Warm 2020 resulted in net export for Swedish pellet producers
Several years of high average temperature have affected the Swedish demand for wood pellets for heating. In 2020, domestic demand decreased by about 25 percent or 509 471 tonnes. Pellet exports increased to the highest level in over a decade according to an annual survey of Swedish pellet producers conducted by the Swedish trade publication, Tidningen Bioenergi.
Tidningen Bioenergi’s annual survey responses from pellet producers in Sweden show that pellet production in 2020 was 1 659 639 tonnes, a modest decrease of 44 000 tonnes or 2.6 percent compared with 2019. However, the reduced domestic demand has had a major impact on both pellet imports and exports.
Several years of high average temperature has reduced the overall demand for pellets, which are primarily used for residential, and commercial space heating, year-on-year. This has led to increasing stock inventories at the larger pellet consumers that in 2020 did not buy the same quantities as in a normal year.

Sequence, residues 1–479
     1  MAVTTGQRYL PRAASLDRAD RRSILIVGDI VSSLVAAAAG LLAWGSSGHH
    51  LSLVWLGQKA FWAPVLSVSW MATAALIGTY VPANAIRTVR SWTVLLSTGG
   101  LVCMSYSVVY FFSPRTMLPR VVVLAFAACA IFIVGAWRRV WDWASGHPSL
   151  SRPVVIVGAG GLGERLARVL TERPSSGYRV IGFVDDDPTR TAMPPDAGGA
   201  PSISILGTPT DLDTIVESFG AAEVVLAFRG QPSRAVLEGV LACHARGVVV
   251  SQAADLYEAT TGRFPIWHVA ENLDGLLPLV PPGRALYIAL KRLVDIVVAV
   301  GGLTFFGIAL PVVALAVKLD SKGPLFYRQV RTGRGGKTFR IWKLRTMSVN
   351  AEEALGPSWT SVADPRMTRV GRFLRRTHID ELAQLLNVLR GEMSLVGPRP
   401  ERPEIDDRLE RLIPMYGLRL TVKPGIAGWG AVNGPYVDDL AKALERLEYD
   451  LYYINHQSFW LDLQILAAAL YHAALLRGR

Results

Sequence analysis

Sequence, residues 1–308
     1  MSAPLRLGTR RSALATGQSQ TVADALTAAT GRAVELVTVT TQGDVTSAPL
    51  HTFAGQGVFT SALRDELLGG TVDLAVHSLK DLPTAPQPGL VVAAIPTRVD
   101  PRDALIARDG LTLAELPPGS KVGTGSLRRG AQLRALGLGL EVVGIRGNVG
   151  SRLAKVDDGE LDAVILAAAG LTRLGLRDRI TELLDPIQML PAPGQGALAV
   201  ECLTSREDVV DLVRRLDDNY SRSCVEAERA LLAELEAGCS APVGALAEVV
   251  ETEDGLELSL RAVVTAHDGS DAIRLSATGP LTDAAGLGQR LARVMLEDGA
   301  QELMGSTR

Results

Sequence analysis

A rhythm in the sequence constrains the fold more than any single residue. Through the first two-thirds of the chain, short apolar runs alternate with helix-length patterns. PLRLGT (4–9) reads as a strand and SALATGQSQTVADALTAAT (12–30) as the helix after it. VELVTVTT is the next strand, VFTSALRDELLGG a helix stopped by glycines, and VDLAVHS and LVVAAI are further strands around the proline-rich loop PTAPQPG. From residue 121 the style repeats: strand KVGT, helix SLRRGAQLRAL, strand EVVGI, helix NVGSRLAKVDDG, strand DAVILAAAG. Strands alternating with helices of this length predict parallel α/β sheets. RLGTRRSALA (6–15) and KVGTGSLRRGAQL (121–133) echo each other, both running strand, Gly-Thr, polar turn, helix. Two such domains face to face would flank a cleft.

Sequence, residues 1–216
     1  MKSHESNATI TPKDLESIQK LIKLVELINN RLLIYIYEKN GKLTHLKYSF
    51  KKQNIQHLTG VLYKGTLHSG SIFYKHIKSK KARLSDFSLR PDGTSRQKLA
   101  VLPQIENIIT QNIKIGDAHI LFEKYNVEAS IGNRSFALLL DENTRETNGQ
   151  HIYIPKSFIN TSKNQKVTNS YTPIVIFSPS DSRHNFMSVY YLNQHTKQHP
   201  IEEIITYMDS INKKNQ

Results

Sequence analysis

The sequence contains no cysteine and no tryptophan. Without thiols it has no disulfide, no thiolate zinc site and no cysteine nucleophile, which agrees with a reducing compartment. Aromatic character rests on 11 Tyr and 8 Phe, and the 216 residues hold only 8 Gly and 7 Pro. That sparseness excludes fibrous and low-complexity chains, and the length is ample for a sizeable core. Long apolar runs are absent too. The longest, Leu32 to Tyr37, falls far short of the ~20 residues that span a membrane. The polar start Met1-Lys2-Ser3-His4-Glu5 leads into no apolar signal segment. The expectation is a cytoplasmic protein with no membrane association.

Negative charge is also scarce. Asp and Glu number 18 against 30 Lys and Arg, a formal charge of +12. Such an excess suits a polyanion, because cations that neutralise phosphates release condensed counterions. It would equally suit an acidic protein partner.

The assessment of the market demand for pellets in Sweden is estimated by starting from the production of pellets, subtracting exports, and adding imports. No consideration of changes in pellet stocks at suppliers and users is taken into account.
According to the survey, just over 1.5 million tonnes of pellets were used in Sweden in 2020, corresponding to approximately 7.3 TWh while imports decreased by 73 percent to 120 000 tonnes. Exports increased by 130 percent to 264 000 tonnes.
This gives a net export of pellets of 144 000 tonnes of pellets from Sweden in 2020, the first time in at least a decade that Sweden has had a net export of pellets.
Higher average temperatures is the most important explanation for the heat demand and thus the demand for pellets decreased in Sweden 2020. The average temperature was higher than normal in both 2019 and 2020. In the Mälardalen region, the heat demand was 7.2 percent lower in 2019 and 17.6 percent lower in 2020 compared to a normal year. Reduced demand from industry, due to the pandemic, may also have had an effect, said Anders Haaker, Editor-in-Chief of Tidningen Bioenergi.